Sunday, July 29, 2012

The Boss and the Waterfront - 8/15

How the City Beautiful Almost Came to Albany

A Luncheon Talk by John Pipkin, Professor of Geography and Planning, University at Albany

The City Beautiful movement sprang up around the turn of the last century as an antidote to urban disorder and unplanned growth. Its key figure was Daniel Burnham, and in addition to monumental visions such as the McMillan Plan for Washington DC (1902) and the Chicago Plan (1909), it produced a wave of advocacy and innovation in cities large and small – including Albany.

Professor John Pipkin of the University at Albany will discuss the effort to introduce the City Beautiful to Albany at a luncheon Wednesday, August 15 at the National Register-listed University Club of Albany, 141 Washington Avenue at Dove Street. The buffet lunch will begin at 12:00 noon, with the presentation commencing at 12:15 p.m., followed by a question and answer period.

“The Delaware and Hudson Building, completed in 1918 at the foot of State Street hill in Albany, is the most visible reminder of a political struggle over the functions and meanings of public space,” said Dr. Pipkin. “The D&H was an unanticipated outcome of efforts by Republican boss William Barnes to clean up the river front in collusion the railroad companies. The primal struggle between the boss and his critics led to a political debacle. In the resolution, what had been a routine local exercise in graft metamorphosed into an encounter with the City Beautiful. Arnold Brunner (who had worked with Burnham) was hired and produced a plan with Charles Downing Lay, Studies for Albany, in 1914. The plan is a weak effort, but it served its primary purpose, to bestow on Barnes’s machinations the imprimatur of planning expertise and the aura of the City Beautiful.”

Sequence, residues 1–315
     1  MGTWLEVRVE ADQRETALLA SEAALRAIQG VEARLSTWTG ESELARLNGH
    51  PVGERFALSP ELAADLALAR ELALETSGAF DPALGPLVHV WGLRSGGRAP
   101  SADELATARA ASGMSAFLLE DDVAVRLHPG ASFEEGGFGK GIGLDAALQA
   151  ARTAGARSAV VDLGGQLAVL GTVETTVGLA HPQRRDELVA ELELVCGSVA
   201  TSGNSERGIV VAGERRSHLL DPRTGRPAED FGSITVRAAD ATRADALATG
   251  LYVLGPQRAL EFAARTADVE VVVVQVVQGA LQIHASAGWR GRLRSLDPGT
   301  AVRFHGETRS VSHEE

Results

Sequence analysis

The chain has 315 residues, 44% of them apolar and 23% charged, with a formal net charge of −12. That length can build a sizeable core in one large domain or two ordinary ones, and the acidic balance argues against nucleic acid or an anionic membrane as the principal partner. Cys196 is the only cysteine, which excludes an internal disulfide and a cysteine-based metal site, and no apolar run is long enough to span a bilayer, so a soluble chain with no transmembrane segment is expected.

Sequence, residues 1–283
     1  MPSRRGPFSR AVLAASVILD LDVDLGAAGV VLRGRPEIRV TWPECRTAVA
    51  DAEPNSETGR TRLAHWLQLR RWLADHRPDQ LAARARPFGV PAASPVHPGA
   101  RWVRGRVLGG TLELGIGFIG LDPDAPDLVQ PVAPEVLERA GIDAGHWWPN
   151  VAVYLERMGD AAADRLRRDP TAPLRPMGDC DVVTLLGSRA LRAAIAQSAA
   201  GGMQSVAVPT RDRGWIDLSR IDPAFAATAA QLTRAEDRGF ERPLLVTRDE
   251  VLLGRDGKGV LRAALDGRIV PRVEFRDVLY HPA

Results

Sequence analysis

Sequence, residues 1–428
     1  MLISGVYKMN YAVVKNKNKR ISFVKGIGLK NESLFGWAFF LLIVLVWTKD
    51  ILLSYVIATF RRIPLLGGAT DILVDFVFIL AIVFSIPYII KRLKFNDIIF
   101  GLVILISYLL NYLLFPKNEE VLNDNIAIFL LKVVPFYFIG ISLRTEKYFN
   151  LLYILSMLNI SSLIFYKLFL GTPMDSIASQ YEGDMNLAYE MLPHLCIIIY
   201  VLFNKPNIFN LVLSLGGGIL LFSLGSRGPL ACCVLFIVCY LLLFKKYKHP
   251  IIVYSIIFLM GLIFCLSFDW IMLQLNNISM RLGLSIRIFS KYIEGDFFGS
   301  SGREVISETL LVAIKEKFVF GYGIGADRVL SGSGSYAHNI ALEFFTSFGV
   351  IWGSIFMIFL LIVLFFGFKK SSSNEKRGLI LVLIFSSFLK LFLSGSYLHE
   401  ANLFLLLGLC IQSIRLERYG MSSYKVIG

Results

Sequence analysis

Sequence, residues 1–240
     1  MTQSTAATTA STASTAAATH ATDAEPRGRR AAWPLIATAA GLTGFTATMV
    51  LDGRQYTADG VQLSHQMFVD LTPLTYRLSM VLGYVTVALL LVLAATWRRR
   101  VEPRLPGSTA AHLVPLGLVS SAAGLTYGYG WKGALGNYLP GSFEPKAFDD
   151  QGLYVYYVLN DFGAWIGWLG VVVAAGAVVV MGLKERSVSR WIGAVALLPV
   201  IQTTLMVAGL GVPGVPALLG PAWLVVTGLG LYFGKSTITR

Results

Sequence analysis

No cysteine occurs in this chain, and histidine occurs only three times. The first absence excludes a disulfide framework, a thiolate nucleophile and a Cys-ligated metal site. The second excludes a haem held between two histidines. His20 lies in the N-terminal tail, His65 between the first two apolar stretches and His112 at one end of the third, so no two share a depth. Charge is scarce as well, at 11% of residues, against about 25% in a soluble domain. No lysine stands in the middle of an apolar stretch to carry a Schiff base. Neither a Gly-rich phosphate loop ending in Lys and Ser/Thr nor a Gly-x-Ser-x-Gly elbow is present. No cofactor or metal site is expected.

The D&H Building was designed by Barnes’ friend, prolific Albany architect Marcus T. Reynolds, whose command of his craft puts to shame the neoclassical orthodoxies of the City Beautiful. After a near brush with demolition in 1972, the building now houses the State University of New York’s central administration offices.

John Pipkin is Distinguished Service Professor of Geography and Planning and Associate Dean of the College of Arts and Sciences, University at Albany. His interests are in urban design, urban planning, architectural symbolism, social geography, landscape history, and public space.

The cost for the luncheon and lecture is $25. Reservations are required and may be made by calling the University Club at 518-463-1151. The University Club Foundation, a 501c3 corporation, is presenting this event, which the public is invited to attend. The Foundation was formed to recognize and maintain the unique historic and architectural significance of the University Club building and property, its historic neighborhood and the city of Albany, where it has been located since its inception in 1901.

The U. Club is closed for summer break until 8/13- you may leave a message on the answering machine to RSVP for this luncheon and pay at the door. OR -- you may now register and prepay online with PayPal!!! Even if you don't have a PayPal account, click the button and use a credit or debit card as a Guest! Please choose the number of guests before you click BUY NOW.

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